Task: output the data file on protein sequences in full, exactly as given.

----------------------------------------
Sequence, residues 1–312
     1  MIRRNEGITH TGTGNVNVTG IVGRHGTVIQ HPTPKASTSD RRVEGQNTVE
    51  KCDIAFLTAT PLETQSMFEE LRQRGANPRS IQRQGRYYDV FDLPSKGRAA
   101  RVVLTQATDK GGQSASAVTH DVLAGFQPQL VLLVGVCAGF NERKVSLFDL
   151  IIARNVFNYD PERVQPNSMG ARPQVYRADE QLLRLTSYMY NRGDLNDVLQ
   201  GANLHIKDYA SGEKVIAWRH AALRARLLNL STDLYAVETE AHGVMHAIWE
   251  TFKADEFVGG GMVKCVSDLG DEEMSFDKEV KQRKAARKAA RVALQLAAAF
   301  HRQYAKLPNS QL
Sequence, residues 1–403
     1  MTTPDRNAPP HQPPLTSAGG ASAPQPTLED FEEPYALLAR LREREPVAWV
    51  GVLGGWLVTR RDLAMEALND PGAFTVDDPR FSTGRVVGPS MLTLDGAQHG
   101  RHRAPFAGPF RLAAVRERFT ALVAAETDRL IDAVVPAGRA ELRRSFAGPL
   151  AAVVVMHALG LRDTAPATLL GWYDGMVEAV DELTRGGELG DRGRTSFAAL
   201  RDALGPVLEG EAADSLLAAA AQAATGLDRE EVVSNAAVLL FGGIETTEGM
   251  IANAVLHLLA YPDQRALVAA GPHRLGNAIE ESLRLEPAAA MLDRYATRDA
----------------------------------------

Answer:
Sequence, residues 1–312
     1  MIRRNEGITH TGTGNVNVTG IVGRHGTVIQ HPTPKASTSD RRVEGQNTVE
    51  KCDIAFLTAT PLETQSMFEE LRQRGANPRS IQRQGRYYDV FDLPSKGRAA
   101  RVVLTQATDK GGQSASAVTH DVLAGFQPQL VLLVGVCAGF NERKVSLFDL
   151  IIARNVFNYD PERVQPNSMG ARPQVYRADE QLLRLTSYMY NRGDLNDVLQ
   201  GANLHIKDYA SGEKVIAWRH AALRARLLNL STDLYAVETE AHGVMHAIWE
   251  TFKADEFVGG GMVKCVSDLG DEEMSFDKEV KQRKAARKAA RVALQLAAAF
   301  HRQYAKLPNS QL
Sequence, residues 1–403
     1  MTTPDRNAPP HQPPLTSAGG ASAPQPTLED FEEPYALLAR LREREPVAWV
    51  GVLGGWLVTR RDLAMEALND PGAFTVDDPR FSTGRVVGPS MLTLDGAQHG
   101  RHRAPFAGPF RLAAVRERFT ALVAAETDRL IDAVVPAGRA ELRRSFAGPL
   151  AAVVVMHALG LRDTAPATLL GWYDGMVEAV DELTRGGELG DRGRTSFAAL
   201  RDALGPVLEG EAADSLLAAA AQAATGLDRE EVVSNAAVLL FGGIETTEGM
   251  IANAVLHLLA YPDQRALVAA GPHRLGNAIE ESLRLEPAAA MLDRYATRDA